Home > New Scientific Applications with Existing CGPS Capabilities

New Scientific Applications with Existing CGPS Capabilities


 
 

New Scientific Applications with Existing CGPS Capabilities 

Earthquakes, Soil Moisture, and Environmental Imaging 

Andria Bilich

Geosciences Research Division

National Geodetic Survey


 
 

Overview 

  • New uses of existing geodetic networks and stations (CORS, IGS, etc.)
  • Earthquakes / seismograms
    • High-rate GPS
    • Example: 2002 Denali Fault event
  • Soil moisture
    • Near-field multipath
    • Example: Uzbekistan
  • Environmental imaging
    • Near- and far-field multipath
    • Examples: Mauna Kea and Canada
 
 

Earthquakes with 
High-Rate GPS 

  • GPS/GNSS positioning
    • No upper limit to amplitude
    • No preset ‘frequency response’
    • Positions can be computed at every data epoch, independently
    • Precise and accurate displacements
    • Well-defined reference frame
  • Earthquakes
    • Static and transient deformations
    • Potentially large magnitude
    • Frequencies = seconds to hours
 
 

GPS Data Rates and Analysis Strategies 

Short period

(seconds to days) 

Signal 

Long period

(days to years) 

6-8 satellites 

Satellites in solution 

28+ satellites 

Every sample 

Position estimates 

1 per day 

None 

Decimation 

5 minutes 

1 Hz or higher 

Sample rate 

30 seconds 

High-rate GPS 

Traditional Geodetic GPS


 
 

Denali Earthquake 
2002 November 3 

USGS fact sheet 

USGS fact sheet 

  • Long strike-slip rupture
  • Magnitude 7.9
  • Shallow
  • SE directivity
  • Large surface waves
 
 

Clipped Seismometers 
+ 1-Hz GPS 

Many broadbands in western North America went off scale… 

… and high-rate

GPS fills in the gaps


 
 

Denali GPS Seismograms 

  • 25 GPS stations
  • 1 sample per second
  • Different azimuths and distances
 
 

GPS-Seismometer Comparison


 
 

Take-home lessons: 
High-rate GPS/GNSS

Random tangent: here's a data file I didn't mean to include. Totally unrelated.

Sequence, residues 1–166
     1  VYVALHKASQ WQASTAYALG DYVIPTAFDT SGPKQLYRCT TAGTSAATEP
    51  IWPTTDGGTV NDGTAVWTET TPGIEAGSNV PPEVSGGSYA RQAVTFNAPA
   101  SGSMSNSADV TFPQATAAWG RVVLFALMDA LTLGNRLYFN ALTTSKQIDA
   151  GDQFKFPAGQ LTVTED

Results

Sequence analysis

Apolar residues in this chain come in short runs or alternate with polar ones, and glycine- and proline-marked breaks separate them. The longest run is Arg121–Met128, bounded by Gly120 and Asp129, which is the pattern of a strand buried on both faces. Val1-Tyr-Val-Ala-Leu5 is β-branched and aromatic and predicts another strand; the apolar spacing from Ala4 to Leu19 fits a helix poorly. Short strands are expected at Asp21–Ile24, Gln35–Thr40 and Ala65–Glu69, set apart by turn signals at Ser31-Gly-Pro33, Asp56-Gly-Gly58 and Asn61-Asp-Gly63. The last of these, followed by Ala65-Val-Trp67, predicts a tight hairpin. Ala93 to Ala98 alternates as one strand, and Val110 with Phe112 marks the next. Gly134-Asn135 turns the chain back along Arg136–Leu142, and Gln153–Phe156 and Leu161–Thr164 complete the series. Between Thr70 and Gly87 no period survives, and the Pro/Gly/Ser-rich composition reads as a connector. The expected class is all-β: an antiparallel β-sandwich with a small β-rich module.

• GPS and seismometers have complementary strengths/weaknesses
    • Noisy GPS
    • Off-scale seismometers
  • Possible only through GNSS technology advances: data storage, chipsets, firmware, etc.
  • Existing HR GPS networks expanding…
 
 

And now for something completely different…


 
 

Multipath Background 

  • What is multipath?
    • Site-specific
    • Time-varying
    • Sensitive to environmental changes
  • How can we measure multipath?
    • Pseudorange data combination
    • Solution residuals
    • Signal-to-noise ratio
 
 

Signal-to-Noise Ratio (SNR) 

  • Measure of signal strength
  • Total SNR = direct plus reflected signal(s)
    • Direct amplitude = dominant trend
    • Multipath signal = superimposed on direct
 
 

Soil Moisture from Near-Field Multipath 

  • Existing GPS stations!
  • Ground reflections
    • Amplitude attenuation at ground
    • Soil moisture affects attenuation (reflection coefficient)
  • Method = monitor SNR amplitude changes over time
 

Larson et al., GPS Solutions, 2007.


 
 

Take-home lessons: 
Soil Moisture 

  • Possible to use existing CGPS monuments and receivers
    • SNR always computed, sometimes reported
    • S1,S2 = archived in RINEX
  • Challenges and issues:
    • SNR data quality
    • Antenna gain pattern effects
    • Satellite power
    • Vegetation, temperature effects
    • Sensing depth and footprint
 
 

Environmental Imaging with Near- & Far-field Multipath 

  • Extension of soil moisture principles…
    • SNR data
    • Reflection strength from multipath amplitude
  • … plus frequency content of SNR
    • Satellite motion creates time-varying signature
    •   h (fast = far; slow = close)
  • Power spectral maps
    • Frequency and amplitude with respect to satellite position (elevation/azimuth)
    • Projected onto map of antenna environment
 
 

Mauna Kea (MKEA), Hawaii


 
 

MKEA Power Maps 

  • Long periods at low satellite elevation angles
  • Shorter periods at high elevation angles
  • High power returns from cinder cones
 

60-90s 

30-60s 

10-30s


 
 

Dual-Frequency 
Power Spectral Maps 

S1 

S2 

Reflection from distant object (building?) 

Reflection from nearby object (rock outcrops?) 

Churchill (CHUR), Manitoba, Canada


 
 

Take-home lessons: 
Environmental Imaging 

  • Assess multipath environment
    • Frequency: distance to object
    • Amplitude: magnitude of errors due to object
    • Consider position errors at different frequencies (think high-rate GPS positioning)
  • No new equipment
    • SNR routinely recorded
    • … but need precise and accurate SNR related to multipath model (not always possible)
 
 

Summary 

  • Existing CGPS networks extended to unforeseen science applications
    • Sensing soil moisture
    • Understanding reflections and potential sources of error
    • Measuring displacements from short-period, transient phenomena

Set Home | Add to Favorites

All Rights Reserved Powered by Free Document Search and Download

Copyright © 2011
This site does not host pdf,doc,ppt,xls,rtf,txt files all document are the property of their respective owners. complaint#downhi.com
TOP